Yesterday, I considered Afua Hirsch's call for Admiral Horatio Nelson's column to be removed from London's Trafalgar Square.
Today, the world's foremost expert on Napoleonic-era British naval strategy and history, Professor Andrew Lambert of King's College London, offered his thoughts to the Washington Examiner. Lambert explains why Nelson and his command should be revered, not reviled.
Professor Lambert writes:
At first glance Afua Hirsch's opinion piece in the Guardian seemed to be a spoof, but if there is a joke I couldn't find it.
The lazy assumption that Nelson should be cast into oblivion misses the essence of history, the means by which we understand how we arrived at the present. History is not about the past, but about how we explain the contemporary world, and plot a course forward. Taking down statues and removing reality serves no-one. When Nelson spoke in support of the slave trade it was legal, and was widely believed to generate critical skilled manpower for the Royal Navy on which British national security depended.
Nelson, unlike Wilberforce, saved his country from defeat and destruction, his success in that task made him the national hero, and that is why he stands where he does. Had he failed, Napoleon would be in his place. In stark contrast to the creative thinking that shapes the case against Nelson, no man who reached the deck of a British warship remained a slave, and there were many African and Caribbean sailors in Nelson's Navy. They were paid and treated exactly the same as all other men, rated by skill, and paid by rate. There is no tokenism in the presence of black sailors on the Plinth, or the Mural in the House of Lords. Furthermore Nelson was not a "white supremacist", this agenda of hatred and fear emerged in those parts of the United States where the white population felt threatened by larger populations of former slaves, it only emerged after the American Civil War, fifty years after Nelson's death. To accuse him of sharing this ideology is crass in the extreme.
Nelson was the last man to discriminate on the basis of ethnicity. He hated the French, who were the enemy, and commanded the most multi-ethnic fighting force on earth. Unlike those Confederate Generals who lost the war, and saw their ideology destroyed in their defeat, Nelson died saving his country, the country that evolved into the one Britons live in today.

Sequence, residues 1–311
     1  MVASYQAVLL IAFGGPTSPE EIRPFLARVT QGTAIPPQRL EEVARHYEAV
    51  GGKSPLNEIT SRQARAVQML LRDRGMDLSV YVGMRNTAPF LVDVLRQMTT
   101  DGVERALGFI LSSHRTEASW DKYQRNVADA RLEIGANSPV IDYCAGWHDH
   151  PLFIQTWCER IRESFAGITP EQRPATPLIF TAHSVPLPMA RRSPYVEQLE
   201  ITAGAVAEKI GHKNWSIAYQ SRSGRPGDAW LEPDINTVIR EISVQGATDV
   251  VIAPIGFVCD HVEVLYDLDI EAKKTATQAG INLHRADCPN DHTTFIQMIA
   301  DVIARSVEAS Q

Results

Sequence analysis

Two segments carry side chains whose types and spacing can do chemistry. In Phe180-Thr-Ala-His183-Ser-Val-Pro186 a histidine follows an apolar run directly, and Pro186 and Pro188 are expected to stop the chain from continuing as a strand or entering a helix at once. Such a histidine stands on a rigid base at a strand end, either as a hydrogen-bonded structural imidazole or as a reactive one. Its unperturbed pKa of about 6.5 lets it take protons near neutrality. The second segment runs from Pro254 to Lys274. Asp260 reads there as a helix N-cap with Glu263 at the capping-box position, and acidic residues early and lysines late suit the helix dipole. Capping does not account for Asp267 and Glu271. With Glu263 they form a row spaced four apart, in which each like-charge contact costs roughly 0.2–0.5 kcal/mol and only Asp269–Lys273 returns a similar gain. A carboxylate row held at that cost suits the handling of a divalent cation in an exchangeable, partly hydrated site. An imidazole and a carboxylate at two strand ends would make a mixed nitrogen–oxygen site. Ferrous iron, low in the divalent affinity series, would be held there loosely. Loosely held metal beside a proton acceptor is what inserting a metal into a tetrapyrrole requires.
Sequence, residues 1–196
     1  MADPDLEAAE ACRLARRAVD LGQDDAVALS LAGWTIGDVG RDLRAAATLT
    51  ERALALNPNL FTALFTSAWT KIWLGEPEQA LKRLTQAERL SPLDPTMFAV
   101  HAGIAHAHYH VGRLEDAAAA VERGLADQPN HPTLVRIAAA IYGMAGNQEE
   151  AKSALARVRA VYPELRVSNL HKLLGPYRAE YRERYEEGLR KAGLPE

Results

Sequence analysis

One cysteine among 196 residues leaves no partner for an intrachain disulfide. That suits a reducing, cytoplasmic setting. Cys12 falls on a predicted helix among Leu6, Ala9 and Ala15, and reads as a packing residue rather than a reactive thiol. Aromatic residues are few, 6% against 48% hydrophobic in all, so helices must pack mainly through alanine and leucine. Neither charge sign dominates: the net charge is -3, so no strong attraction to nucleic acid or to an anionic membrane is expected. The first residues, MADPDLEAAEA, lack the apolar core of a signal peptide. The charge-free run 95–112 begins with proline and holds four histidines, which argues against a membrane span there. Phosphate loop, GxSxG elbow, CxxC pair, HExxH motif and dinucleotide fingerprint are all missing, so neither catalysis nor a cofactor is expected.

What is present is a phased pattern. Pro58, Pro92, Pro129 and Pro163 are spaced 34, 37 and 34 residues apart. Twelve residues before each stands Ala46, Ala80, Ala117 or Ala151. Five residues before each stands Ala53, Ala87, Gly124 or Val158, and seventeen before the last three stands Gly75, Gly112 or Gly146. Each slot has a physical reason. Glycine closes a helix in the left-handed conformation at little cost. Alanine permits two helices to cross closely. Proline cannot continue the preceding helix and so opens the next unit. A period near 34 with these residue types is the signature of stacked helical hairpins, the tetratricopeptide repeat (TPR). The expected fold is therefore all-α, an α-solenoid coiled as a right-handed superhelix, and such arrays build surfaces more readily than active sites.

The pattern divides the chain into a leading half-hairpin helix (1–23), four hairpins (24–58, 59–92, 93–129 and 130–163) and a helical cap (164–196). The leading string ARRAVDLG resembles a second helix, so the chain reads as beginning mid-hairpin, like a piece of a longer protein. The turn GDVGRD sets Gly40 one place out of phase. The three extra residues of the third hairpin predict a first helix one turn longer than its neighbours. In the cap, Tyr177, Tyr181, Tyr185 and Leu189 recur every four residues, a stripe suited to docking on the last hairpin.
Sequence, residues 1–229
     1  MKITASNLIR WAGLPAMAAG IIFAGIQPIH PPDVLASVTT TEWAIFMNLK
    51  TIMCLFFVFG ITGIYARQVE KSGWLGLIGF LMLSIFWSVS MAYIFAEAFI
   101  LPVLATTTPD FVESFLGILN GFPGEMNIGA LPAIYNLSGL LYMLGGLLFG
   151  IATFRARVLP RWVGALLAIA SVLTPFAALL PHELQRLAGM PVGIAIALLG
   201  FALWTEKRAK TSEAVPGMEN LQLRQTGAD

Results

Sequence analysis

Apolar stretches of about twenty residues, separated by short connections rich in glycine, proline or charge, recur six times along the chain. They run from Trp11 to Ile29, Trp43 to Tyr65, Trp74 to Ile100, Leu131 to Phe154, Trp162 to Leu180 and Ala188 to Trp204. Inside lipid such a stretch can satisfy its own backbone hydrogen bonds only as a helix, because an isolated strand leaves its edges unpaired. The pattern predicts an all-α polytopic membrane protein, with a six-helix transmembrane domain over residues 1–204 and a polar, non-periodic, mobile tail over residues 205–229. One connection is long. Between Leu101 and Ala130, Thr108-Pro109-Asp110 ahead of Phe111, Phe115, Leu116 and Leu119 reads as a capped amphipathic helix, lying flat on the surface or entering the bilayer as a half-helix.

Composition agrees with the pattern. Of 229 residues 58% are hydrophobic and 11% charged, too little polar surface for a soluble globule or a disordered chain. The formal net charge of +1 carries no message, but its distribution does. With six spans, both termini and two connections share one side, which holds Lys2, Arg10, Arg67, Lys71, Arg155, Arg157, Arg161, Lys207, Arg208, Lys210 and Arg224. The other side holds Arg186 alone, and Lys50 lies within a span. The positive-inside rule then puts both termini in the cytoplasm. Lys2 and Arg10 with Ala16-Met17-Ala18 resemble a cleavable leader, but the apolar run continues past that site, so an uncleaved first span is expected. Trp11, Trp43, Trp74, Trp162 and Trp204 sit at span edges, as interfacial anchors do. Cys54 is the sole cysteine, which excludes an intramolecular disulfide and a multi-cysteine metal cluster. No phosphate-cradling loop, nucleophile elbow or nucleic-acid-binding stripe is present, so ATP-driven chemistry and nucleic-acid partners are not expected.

Moreover, it may have passed Ms. Hirsch's notice that the Royal Navy destroyed the Atlantic slave trade. Or perhaps such inconvenient information would complicate the delightful simplicity that can be created from profound ignorance? Wilberforce may have secured the passage of the legislation through Parliament, but it was left to the Royal Navy to carry it into effect, which it did at great cost to its officers and men, a significant proportion of whom were of African heritage, in a fifty year-long campaign that has no monument.
The enemies of history are those who destroy inconvenient realities, the better to disguise their own agendas. Statues are easy targets, the French Revolutionaries deliberately destroyed public memory to facilitate ideological reprogramming. The most successful statue smashing revisionists of the modern era are not well-intentioned American liberals but the Islamic State (ISIS). ISIS destroys the inconvenient reality that their views are not shared by all. We are better than that, and intelligent enough to know that the views and actions of men and women who lived two hundred years ago cannot be judged by contemporary standards, only by those of the age in which they lived. The past is a foreign country, in which they do things differently - we will never learn from that experience if we expunge it from the record.
By contrast, Trafalgar Square was built to commemorate the heroism and sacrifice of the Royal Navy that kept Britain secure through the Napoleonic wars, and helped bring peace and stability to a war ravaged Europe. Perhaps Hirsch would have Nelson's mortal remains thrown out of St. Paul's Cathedral, and his flagship, HMS Victory*, reduced to firewood? If we get rid of the past we will have an even harder job than we do at present explaining to people of African, Caribbean, South Asian and other ancestries how they ended up in this small, cold island just beyond Europe. This is Nelson's square, and we are all in Nelson's debt. Had Britain lost the Napoleonic Wars, slavery would have persisted far longer than it did.
Even if we removed every dead white man complicit in slavery or otherwise from public display, that would not remove the Atlantic slave trade and plantation slavery from history, only replace one form of intolerance with another, a tyranny that fears the past and thinks it can change what happened two hundred years ago. The real tragedy is that Britain's history is so little understood that such remarks receive editorial approval. This is not the United States, Trafalgar Square is not in Virginia, nor was Nelson alive in 1865. While dead white men are less popular than they once were, we need to be very careful that we judge them according to the standards of their day, not ours, and in our haste to apologize for the sins of our forefathers we do not destroy the things that make us who we are.
Nelson gave his life for his country, along with many more men and a few women, of all races and creeds, in the Royal Navy. He embodied their sacrifice; while the country he helped to secure was the one that abolished the slave trade, a great victory for progress and humanity. Taking him down would rip the heart out British identity, and begin a bonfire of our history that would not end until everything that is different, unique and important had been consumed, leaving nothing but universal platitudes. Changing the past is far more dangerous than understanding it, although it can be rather more time consuming.
* - To this day, HMS Victory remains the flagship of the Royal Navy.